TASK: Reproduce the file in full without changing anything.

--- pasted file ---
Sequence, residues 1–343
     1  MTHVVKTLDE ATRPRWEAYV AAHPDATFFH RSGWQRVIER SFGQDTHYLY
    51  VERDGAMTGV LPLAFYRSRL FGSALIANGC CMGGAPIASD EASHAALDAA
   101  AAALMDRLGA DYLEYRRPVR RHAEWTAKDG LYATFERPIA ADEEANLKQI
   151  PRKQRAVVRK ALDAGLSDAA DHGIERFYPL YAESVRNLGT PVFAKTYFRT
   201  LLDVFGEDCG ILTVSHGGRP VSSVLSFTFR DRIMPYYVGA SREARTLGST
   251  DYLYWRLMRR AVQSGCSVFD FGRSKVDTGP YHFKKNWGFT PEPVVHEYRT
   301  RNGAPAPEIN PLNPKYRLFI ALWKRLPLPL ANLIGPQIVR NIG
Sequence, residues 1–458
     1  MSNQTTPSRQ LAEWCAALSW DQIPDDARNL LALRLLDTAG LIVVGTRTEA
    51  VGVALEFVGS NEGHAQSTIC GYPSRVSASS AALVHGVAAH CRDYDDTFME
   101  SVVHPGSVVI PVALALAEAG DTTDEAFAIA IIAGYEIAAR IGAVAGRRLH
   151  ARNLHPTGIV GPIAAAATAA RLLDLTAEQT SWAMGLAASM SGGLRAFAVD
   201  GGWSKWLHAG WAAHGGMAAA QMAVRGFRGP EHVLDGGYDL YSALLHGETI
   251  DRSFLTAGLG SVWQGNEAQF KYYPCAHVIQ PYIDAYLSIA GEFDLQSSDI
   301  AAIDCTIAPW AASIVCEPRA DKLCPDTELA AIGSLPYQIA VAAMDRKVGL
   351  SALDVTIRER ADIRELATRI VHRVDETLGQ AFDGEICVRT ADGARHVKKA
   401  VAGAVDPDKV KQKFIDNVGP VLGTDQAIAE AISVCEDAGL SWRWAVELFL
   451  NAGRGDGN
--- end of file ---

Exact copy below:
Sequence, residues 1–343
     1  MTHVVKTLDE ATRPRWEAYV AAHPDATFFH RSGWQRVIER SFGQDTHYLY
    51  VERDGAMTGV LPLAFYRSRL FGSALIANGC CMGGAPIASD EASHAALDAA
   101  AAALMDRLGA DYLEYRRPVR RHAEWTAKDG LYATFERPIA ADEEANLKQI
   151  PRKQRAVVRK ALDAGLSDAA DHGIERFYPL YAESVRNLGT PVFAKTYFRT
   201  LLDVFGEDCG ILTVSHGGRP VSSVLSFTFR DRIMPYYVGA SREARTLGST
   251  DYLYWRLMRR AVQSGCSVFD FGRSKVDTGP YHFKKNWGFT PEPVVHEYRT
   301  RNGAPAPEIN PLNPKYRLFI ALWKRLPLPL ANLIGPQIVR NIG
Sequence, residues 1–458
     1  MSNQTTPSRQ LAEWCAALSW DQIPDDARNL LALRLLDTAG LIVVGTRTEA
    51  VGVALEFVGS NEGHAQSTIC GYPSRVSASS AALVHGVAAH CRDYDDTFME
   101  SVVHPGSVVI PVALALAEAG DTTDEAFAIA IIAGYEIAAR IGAVAGRRLH
   151  ARNLHPTGIV GPIAAAATAA RLLDLTAEQT SWAMGLAASM SGGLRAFAVD
   201  GGWSKWLHAG WAAHGGMAAA QMAVRGFRGP EHVLDGGYDL YSALLHGETI
   251  DRSFLTAGLG SVWQGNEAQF KYYPCAHVIQ PYIDAYLSIA GEFDLQSSDI
   301  AAIDCTIAPW AASIVCEPRA DKLCPDTELA AIGSLPYQIA VAAMDRKVGL
   351  SALDVTIRER ADIRELATRI VHRVDETLGQ AFDGEICVRT ADGARHVKKA
   401  VAGAVDPDKV KQKFIDNVGP VLGTDQAIAE AISVCEDAGL SWRWAVELFL
   451  NAGRGDGN